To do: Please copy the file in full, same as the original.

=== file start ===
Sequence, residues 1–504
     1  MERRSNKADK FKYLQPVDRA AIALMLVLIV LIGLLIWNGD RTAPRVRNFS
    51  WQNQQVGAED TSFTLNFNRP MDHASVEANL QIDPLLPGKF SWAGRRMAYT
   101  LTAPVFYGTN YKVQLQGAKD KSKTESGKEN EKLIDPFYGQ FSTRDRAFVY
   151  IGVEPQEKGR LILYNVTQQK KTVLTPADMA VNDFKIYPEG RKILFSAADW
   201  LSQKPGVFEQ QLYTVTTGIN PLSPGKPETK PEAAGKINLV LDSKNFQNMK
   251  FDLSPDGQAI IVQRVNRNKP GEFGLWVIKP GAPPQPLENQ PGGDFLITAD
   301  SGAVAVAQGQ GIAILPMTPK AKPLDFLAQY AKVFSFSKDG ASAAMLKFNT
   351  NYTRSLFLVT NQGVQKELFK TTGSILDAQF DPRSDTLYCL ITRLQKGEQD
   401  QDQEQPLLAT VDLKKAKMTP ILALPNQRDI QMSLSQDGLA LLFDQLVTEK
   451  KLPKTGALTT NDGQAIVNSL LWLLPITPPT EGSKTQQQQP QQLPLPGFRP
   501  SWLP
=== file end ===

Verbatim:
Sequence, residues 1–504
     1  MERRSNKADK FKYLQPVDRA AIALMLVLIV LIGLLIWNGD RTAPRVRNFS
    51  WQNQQVGAED TSFTLNFNRP MDHASVEANL QIDPLLPGKF SWAGRRMAYT
   101  LTAPVFYGTN YKVQLQGAKD KSKTESGKEN EKLIDPFYGQ FSTRDRAFVY
   151  IGVEPQEKGR LILYNVTQQK KTVLTPADMA VNDFKIYPEG RKILFSAADW
   201  LSQKPGVFEQ QLYTVTTGIN PLSPGKPETK PEAAGKINLV LDSKNFQNMK
   251  FDLSPDGQAI IVQRVNRNKP GEFGLWVIKP GAPPQPLENQ PGGDFLITAD
   301  SGAVAVAQGQ GIAILPMTPK AKPLDFLAQY AKVFSFSKDG ASAAMLKFNT
   351  NYTRSLFLVT NQGVQKELFK TTGSILDAQF DPRSDTLYCL ITRLQKGEQD
   401  QDQEQPLLAT VDLKKAKMTP ILALPNQRDI QMSLSQDGLA LLFDQLVTEK
   451  KLPKTGALTT NDGQAIVNSL LWLLPITPPT EGSKTQQQQP QQLPLPGFRP
   501  SWLP